Through big-data tools, the Department of Health and Human Services; top watchdog has an upper hand bringing bogus health care claims to court.
In today’s Federal Newscast, Rep. Brian Mast (R-FL) and other congressmen are pleading with Veterans Affairs Department to let them keep their offices in agency facilities.
Gigi Schumm welcomes Caryl Brzymialkiewicz, HHS assistant inspector general and chief data officer, to talk data integration and the importance of networking.
Agencies are swimming in data, and they’re looking for ways to sift through the noise and identify the most important pieces of information to help them make meaningful decisions more quickly and accurately.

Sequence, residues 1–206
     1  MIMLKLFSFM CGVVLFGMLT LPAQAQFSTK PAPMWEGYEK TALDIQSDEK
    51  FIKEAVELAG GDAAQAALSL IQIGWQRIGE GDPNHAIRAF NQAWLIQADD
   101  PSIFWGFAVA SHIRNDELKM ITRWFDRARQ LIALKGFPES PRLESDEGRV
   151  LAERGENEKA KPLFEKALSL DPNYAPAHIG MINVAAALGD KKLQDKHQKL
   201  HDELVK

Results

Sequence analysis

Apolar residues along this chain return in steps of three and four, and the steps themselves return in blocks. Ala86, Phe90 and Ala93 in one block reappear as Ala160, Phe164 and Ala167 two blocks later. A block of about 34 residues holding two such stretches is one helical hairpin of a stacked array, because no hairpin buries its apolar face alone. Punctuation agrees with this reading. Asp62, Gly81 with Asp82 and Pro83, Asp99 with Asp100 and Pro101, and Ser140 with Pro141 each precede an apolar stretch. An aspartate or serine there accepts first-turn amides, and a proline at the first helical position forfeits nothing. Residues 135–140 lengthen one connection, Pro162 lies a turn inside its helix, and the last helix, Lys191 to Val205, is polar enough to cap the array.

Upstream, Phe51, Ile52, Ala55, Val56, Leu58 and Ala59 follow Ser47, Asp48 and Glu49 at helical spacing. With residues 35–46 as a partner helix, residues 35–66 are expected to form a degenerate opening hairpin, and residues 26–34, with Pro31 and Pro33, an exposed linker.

Reported improper payments are likely to increase as agencies improve their ability to ferret out overpayments and underpayments
The Health and Human Services Department identified $712 million this summer in false health care billings and brought charges against 243 people. It’s the largest action the Medicare Fraud Strike Force has ever taken. The department’s inspector general credits the success to the datasets it gathered and studied to find new cases of waste, fraud and abuse. Caryl Brzymialkiewicz is assistant inspector general and chief data officer at HHS. She tells Federal News Radio’s Nicole Ogrysko where she thinks agencies are headed with big data, and what best practices her office has found.
A diverse team within the Health and Human Services Department’s Office of Inspector General is using data — and predictive analytics — to identify more than $712 million in false billing.